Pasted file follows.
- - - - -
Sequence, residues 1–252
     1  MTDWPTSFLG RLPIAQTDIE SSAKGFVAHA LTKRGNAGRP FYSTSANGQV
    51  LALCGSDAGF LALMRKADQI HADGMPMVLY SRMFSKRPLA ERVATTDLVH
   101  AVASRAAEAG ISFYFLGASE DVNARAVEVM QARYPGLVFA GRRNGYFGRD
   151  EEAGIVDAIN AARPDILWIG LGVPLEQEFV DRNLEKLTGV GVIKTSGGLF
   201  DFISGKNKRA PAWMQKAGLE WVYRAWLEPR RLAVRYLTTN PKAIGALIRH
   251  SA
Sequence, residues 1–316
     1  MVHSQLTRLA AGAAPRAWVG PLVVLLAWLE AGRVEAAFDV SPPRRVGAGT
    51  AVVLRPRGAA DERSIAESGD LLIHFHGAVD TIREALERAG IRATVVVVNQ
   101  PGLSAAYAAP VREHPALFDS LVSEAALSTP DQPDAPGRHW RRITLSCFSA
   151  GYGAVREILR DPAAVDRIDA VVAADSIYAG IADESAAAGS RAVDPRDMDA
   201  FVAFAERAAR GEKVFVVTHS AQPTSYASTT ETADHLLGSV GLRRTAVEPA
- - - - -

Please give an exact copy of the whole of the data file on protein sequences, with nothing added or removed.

Sequence, residues 1–252
     1  MTDWPTSFLG RLPIAQTDIE SSAKGFVAHA LTKRGNAGRP FYSTSANGQV
    51  LALCGSDAGF LALMRKADQI HADGMPMVLY SRMFSKRPLA ERVATTDLVH
   101  AVASRAAEAG ISFYFLGASE DVNARAVEVM QARYPGLVFA GRRNGYFGRD
   151  EEAGIVDAIN AARPDILWIG LGVPLEQEFV DRNLEKLTGV GVIKTSGGLF
   201  DFISGKNKRA PAWMQKAGLE WVYRAWLEPR RLAVRYLTTN PKAIGALIRH
   251  SA
Sequence, residues 1–316
     1  MVHSQLTRLA AGAAPRAWVG PLVVLLAWLE AGRVEAAFDV SPPRRVGAGT
    51  AVVLRPRGAA DERSIAESGD LLIHFHGAVD TIREALERAG IRATVVVVNQ
   101  PGLSAAYAAP VREHPALFDS LVSEAALSTP DQPDAPGRHW RRITLSCFSA
   151  GYGAVREILR DPAAVDRIDA VVAADSIYAG IADESAAAGS RAVDPRDMDA
   201  FVAFAERAAR GEKVFVVTHS AQPTSYASTT ETADHLLGSV GLRRTAVEPA